Background Exercise capacity in patients with hypertrophic cardiomyopathy (HCM) varies despite similar diastolic dysfunction, left ventricular outflow tract (LVOT) obstruction and mitral regurgitation (MR). Pulse wave velocity (PWV), determined by cardiac magnetic resonance (CMR), measures aortic stiffness and is abnormal in patients with HCM in comparison with controls.
Objective To determine potential clinical and imaging predictors of peak oxygen consumption (pVO2) in patients with HCM.
Methods Fifty newly referred patients with HCM (62% men, 44±13 years, 90% receiving optimal drugs, 18% hypertensive) underwent Doppler echocardiography (transthoracic echocardiography (TTE)), cardiopulmonary exercise testing and CMR for symptom evaluation. TTE variables (diastology, post exercise MR and LVOT gradient (mmHg)), pVO2 (ml/kg/min) and CMR variables (PWV (aortic path length between mid- and descending aorta/time delay between arrival of the foot of the pulse wave between two points, m/s), and LV volumetric indices) were measured.
Results After exercise LVOT gradient, MR, deceleration time and pVO2 were 104±52, 1±1, 240±79 ms, and 25±6, respectively. Mean basal septal thickness (cm), PWV, EF, ESV index (ml/m2), EDV index (ml/m2) and LV mass index (g/m2) were 1.9±0.5, 9.3±7, 64%±7, 32±9, 87±17 and 112+36, respectively. Multiple regression analyses showed that only age (β=−0.38, p=0.004) and PWV (β=−0.33, p=0.01) predicted pVO2.
Conclusion In patients with HCM, age and PWV are predictors of pVO2, independent of LV thickness, LVOT gradient and diastolic indices. Aortic stiffness potentially has a role in evaluation of symptoms of patients with HCM.
- Aortic stiffness
- pulse wave velocity
- exercise capacity
- hypertrophic cardiomyopathy
- exercise testing
- cardiomyopathy hypertrophic
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- Aortic stiffness
- pulse wave velocity
- exercise capacity
- hypertrophic cardiomyopathy
- exercise testing
- cardiomyopathy hypertrophic
Hypertrophic cardiomyopathy (HCM) is characterised by progressive left ventricular (LV) hypertrophy and myocardial disarray/fibrosis, with a substantial proportion of patients demonstrating resting or provokable LV outflow tract (LVOT) obstruction.1 2 With progression of disease, there is often a reduction in exercise capacity, thought in large part to be due to diastolic dysfunction, mitral regurgitation (MR) and dynamic LVOT obstruction.3 However, commonly measured parameters of disease progression such as LV hypertrophy and LV ejection fraction (LVEF) have been shown to be poor predictors of symptoms and exercise capacity in such patients.4–6 Also, it is not an uncommon clinical situation to encounter patients with varying exercise capacity despite a similar degree of provokable LVOT obstruction, diastolic dysfunction or MR.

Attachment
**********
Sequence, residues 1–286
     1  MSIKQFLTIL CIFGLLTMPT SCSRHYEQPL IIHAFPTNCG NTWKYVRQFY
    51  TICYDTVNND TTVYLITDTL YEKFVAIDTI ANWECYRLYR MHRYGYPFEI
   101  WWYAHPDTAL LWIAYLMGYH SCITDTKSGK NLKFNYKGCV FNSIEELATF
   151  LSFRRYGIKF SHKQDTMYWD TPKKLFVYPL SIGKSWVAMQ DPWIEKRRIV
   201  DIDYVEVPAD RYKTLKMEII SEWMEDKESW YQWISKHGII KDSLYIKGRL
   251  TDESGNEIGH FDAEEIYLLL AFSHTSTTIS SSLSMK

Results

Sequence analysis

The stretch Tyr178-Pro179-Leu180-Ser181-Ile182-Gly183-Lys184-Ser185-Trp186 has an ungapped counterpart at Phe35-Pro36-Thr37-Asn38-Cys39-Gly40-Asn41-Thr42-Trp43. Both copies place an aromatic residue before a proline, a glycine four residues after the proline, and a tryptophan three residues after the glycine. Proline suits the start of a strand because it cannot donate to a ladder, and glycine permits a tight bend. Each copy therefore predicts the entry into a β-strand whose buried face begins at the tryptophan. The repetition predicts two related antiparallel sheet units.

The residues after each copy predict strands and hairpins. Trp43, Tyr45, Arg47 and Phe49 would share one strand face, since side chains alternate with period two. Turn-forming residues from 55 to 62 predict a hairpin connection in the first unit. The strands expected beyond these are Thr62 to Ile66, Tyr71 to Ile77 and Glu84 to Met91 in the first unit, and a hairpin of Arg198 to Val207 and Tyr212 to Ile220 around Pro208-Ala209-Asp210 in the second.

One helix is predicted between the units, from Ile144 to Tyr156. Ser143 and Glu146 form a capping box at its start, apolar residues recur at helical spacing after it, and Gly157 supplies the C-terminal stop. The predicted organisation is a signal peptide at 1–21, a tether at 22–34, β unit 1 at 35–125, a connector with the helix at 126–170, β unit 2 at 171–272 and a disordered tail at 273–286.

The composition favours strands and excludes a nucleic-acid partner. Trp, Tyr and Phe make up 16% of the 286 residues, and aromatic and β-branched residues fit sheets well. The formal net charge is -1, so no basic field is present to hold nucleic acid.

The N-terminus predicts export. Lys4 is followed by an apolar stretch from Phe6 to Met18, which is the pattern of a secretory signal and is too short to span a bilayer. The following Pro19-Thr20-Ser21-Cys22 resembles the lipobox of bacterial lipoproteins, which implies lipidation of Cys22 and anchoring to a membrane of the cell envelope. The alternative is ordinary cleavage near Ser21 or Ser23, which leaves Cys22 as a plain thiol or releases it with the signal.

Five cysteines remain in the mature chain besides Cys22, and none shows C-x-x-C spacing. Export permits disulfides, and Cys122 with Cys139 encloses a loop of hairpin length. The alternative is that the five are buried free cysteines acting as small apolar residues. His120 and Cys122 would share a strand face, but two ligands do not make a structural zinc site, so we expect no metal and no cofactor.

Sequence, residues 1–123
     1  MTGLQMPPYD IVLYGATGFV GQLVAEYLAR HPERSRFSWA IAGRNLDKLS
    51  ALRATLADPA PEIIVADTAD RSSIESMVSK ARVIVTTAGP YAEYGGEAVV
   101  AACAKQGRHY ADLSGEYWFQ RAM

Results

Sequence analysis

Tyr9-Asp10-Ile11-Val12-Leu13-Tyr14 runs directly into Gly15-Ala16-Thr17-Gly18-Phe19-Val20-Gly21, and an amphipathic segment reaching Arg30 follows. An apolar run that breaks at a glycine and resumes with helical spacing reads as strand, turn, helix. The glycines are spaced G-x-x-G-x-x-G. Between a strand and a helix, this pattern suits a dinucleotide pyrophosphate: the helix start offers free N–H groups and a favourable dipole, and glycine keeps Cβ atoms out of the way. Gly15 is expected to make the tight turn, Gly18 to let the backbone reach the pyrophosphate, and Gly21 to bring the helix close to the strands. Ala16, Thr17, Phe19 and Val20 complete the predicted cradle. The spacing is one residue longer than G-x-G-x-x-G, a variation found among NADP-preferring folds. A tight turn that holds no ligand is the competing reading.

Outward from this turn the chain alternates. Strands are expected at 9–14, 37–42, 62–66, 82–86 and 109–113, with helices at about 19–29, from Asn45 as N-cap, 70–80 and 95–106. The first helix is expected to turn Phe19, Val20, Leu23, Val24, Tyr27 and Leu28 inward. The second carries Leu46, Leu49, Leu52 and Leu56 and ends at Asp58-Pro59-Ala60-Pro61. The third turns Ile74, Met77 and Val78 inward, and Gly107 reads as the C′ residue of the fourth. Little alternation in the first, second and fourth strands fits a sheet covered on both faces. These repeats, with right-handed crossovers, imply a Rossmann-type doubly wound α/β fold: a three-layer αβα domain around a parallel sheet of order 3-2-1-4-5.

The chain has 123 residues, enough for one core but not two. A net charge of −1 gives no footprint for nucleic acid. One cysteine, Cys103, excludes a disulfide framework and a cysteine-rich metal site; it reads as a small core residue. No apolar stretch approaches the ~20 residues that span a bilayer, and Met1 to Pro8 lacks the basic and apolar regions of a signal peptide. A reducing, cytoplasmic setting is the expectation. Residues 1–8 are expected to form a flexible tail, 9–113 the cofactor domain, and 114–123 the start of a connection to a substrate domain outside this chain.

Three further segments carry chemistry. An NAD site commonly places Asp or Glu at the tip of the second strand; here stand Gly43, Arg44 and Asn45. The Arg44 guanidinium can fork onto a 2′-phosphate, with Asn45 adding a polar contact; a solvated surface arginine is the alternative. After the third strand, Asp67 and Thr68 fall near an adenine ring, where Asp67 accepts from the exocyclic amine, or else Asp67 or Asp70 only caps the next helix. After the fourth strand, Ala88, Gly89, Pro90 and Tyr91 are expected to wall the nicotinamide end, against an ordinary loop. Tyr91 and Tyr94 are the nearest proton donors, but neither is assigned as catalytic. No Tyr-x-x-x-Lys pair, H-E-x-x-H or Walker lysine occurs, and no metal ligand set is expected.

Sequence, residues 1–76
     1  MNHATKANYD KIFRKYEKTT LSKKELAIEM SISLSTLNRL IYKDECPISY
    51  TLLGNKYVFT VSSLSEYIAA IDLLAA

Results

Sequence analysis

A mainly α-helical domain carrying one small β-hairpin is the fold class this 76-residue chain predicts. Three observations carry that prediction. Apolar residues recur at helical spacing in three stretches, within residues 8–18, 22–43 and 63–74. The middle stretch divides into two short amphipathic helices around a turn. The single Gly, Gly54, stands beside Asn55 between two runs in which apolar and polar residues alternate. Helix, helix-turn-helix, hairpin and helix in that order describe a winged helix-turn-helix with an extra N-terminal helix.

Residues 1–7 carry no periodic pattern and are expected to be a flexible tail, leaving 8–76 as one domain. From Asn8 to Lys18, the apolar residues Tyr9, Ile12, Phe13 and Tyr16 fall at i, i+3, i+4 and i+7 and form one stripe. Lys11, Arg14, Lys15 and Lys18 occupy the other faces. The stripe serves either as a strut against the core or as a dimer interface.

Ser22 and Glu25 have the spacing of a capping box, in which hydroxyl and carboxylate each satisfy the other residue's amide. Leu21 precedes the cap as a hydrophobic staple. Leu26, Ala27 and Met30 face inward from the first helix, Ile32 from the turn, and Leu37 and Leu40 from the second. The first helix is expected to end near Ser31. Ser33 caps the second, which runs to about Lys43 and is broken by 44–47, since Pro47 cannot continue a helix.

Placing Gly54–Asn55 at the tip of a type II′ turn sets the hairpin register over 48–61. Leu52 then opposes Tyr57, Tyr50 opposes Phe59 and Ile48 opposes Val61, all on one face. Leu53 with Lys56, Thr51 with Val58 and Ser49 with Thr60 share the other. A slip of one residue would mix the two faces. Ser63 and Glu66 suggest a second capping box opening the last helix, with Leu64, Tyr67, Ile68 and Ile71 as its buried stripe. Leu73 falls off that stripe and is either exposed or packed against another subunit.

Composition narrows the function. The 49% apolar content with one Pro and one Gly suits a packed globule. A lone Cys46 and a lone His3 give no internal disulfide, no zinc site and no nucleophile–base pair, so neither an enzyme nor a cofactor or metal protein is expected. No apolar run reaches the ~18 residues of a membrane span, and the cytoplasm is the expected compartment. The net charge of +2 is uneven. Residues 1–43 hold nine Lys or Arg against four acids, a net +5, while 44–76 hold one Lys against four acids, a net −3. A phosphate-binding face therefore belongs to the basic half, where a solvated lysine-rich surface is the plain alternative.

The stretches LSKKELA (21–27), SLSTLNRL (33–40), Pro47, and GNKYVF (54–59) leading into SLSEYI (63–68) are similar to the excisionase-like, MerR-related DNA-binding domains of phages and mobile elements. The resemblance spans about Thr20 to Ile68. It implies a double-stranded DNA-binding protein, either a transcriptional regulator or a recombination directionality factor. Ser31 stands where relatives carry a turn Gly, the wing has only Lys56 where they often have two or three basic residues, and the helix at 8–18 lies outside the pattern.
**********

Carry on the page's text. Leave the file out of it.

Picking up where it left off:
In recent years, increased aortic stiffness in the setting of hypertension and other cardiovascular diseases has been shown to have incremental value in predicting long-term outcomes.7–10 In a recent study, our group demonstrated that patients with HCM had abnormal aortic stiffness (measured as pulse wave velocity (PWV)) as compared with controls using velocity-encoded cardiac magnetic resonance (VENC-CMR).11 However, the association of aortic stiffness with exercise capacity has not been studied in patients with HCM. Peak oxygen consumption (pVO2) is an accurate marker of exercise capacity, which can be used to stratify patient groups at higher risk for adverse cardiac outcomes.12 13 These properties make it a commonly used method to measure exercise capacity in patients with HCM as compared with traditional clinical assessment of functional class.5 We sought to test the potential clinical and imaging (CMR and echocardiographic) predictors of pVO2 in patients with HCM.
This was an observational study of 50 consecutive, newly referred patients with HCM who underwent comprehensive evaluation, including outpatient clinic visit, Doppler echocardiography, CMR and metabolic stress testing within 24 h in 2007–8. HCM was defined by a disproportionately hypertrophied and non-dilated left ventricle in the absence of another cardiac or systemic disease that could produce a similar magnitude of hypertrophy.14 15 Patients unable to undergo entire multimodality evaluation owing to comorbid conditions such as significant pulmonary disease or other disorders (precluding exercise) or presence of pacemakers, defibrillators or aneurysm clips (precluding CMR) were excluded from the study. Patients with an LVEF <50% were not included in the study. We also excluded patients >65 years of age with LVOT obstruction who were deemed to have hypertensive heart disease of the elderly with dynamic LVOT obstruction. This diagnosis was based upon clinical presentation, history of longstanding hypertension and presence of a characteristic sigmoid septum and ovoid LV cavity on echocardiography and CMR.16 17 Clinical, echocardiographic, CMR and metabolic stress test measurements were recorded. All patients belong to a registry which is approved by local institutional review board with waiver of individual informed consent.